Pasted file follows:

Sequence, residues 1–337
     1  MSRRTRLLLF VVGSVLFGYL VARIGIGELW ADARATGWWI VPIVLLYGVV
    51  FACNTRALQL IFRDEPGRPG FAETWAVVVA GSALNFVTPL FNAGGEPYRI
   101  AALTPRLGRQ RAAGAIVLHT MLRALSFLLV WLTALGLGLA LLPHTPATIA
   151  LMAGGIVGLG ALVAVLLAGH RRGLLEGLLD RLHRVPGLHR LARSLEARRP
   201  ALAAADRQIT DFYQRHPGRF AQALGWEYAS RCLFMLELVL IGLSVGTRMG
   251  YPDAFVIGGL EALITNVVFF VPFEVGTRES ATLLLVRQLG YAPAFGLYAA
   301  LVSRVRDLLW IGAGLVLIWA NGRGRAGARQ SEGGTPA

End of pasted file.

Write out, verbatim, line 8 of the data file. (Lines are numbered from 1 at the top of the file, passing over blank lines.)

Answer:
   301  LVSRVRDLLW IGAGLVLIWA NGRGRAGARQ SEGGTPA